How Fowler’s freedom was bought: letting other countries do our dirty work

I’ve just spoken with a source who is familiar with the negotiations that took place for the release of Canadian diplomats Robert Fowler and Louis Guay from the Canadian and British side. He or she confirms they were sprung because of a ransom and prisoner exchange.

This information now comes from multiple different sources and cannot be discounted as speculative. J. Peter Pham, an Africa specialist at James Madison University, has it from senior officials in the government and security services of Mali and Niger that a prisoner swap was in the works, and he later spoke to an Algerian security source who said that Germany and Switzerland paid a ransom of about US$8 million. Al-Qaeda itself has confirmed in a statement that a prisoner exchange took place. Two separate Algerian newspapers, Ennahar and El Khabar, confirm aspects of the deal. Steven Edwards at Canwest News Service cites a “North African al-Qaeda observer with close links to people involved in the effort to free the Canadians,” who also confirmed the prisoner exchange and provided some details about the terror suspects Mali released.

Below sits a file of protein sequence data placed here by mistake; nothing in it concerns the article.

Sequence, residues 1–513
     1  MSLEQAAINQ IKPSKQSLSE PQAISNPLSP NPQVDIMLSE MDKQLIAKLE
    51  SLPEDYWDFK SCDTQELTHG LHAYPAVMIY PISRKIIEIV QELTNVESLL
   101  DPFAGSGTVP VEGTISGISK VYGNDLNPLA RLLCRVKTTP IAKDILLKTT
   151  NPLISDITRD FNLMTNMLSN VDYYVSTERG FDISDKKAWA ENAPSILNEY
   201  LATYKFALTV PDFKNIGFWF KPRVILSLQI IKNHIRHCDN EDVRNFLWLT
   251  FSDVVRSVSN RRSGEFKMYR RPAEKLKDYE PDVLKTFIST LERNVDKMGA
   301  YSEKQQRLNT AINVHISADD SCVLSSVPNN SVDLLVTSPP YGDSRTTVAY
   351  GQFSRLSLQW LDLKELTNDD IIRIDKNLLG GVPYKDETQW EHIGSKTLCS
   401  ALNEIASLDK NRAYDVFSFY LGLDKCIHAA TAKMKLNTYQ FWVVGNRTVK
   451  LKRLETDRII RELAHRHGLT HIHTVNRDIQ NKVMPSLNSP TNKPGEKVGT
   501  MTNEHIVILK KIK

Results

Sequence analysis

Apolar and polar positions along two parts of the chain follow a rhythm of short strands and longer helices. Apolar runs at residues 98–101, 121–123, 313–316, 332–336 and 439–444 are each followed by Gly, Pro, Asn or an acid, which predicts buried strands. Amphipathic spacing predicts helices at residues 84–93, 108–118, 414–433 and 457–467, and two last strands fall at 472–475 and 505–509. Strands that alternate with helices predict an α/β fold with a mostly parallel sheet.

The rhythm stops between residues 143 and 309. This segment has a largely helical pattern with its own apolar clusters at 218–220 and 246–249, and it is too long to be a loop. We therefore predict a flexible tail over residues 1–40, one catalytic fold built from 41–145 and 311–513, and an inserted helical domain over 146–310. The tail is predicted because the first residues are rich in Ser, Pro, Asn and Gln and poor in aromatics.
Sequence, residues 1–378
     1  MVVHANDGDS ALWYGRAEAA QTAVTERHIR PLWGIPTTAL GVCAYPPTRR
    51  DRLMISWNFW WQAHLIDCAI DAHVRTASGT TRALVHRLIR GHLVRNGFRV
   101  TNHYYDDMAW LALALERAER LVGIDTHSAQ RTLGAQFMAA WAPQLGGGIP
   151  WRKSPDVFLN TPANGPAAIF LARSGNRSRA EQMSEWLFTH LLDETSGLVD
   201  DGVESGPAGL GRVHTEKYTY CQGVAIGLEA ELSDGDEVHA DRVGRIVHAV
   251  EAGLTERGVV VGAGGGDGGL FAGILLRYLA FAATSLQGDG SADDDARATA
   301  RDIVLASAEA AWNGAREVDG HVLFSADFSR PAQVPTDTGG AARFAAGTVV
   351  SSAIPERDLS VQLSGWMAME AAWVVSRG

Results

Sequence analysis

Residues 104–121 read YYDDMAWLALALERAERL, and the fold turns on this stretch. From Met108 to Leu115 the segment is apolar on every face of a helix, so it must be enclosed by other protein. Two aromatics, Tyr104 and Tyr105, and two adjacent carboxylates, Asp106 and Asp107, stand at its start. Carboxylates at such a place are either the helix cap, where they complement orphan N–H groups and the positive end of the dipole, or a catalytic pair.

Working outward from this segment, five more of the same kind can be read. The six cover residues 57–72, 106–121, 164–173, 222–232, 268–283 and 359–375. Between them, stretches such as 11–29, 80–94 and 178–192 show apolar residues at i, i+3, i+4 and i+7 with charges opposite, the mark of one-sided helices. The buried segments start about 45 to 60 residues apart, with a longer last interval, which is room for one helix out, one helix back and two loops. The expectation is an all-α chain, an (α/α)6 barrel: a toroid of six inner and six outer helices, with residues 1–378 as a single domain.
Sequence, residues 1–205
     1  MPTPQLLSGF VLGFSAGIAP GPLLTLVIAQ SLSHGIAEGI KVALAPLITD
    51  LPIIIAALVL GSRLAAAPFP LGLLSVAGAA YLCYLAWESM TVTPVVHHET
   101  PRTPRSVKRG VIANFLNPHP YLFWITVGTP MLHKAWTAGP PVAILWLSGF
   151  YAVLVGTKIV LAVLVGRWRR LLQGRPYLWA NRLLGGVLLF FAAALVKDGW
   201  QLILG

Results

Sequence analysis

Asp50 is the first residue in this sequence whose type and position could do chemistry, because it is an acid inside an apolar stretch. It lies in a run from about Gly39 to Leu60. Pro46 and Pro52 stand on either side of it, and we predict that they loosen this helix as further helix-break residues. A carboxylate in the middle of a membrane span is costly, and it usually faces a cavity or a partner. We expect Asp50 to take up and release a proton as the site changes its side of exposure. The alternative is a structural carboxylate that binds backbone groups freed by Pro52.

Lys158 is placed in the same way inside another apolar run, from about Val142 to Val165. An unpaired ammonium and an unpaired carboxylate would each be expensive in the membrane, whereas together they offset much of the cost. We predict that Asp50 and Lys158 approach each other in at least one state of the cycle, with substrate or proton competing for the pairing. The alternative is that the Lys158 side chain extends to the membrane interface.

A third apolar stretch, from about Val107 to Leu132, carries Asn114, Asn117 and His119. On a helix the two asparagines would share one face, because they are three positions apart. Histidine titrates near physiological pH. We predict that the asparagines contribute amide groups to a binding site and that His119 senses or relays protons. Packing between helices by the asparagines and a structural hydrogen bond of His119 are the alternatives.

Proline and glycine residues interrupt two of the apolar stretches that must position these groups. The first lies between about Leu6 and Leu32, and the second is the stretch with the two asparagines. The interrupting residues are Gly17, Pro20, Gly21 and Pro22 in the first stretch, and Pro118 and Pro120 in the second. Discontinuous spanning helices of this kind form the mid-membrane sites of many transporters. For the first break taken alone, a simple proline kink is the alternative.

All this raises an important question: If, as Prime Minister Stephen Harper claims, it is Canada’s policy not to pay a ransom or release prisoners in exchange for hostages, why is it okay for other countries to do so on our behalf? 

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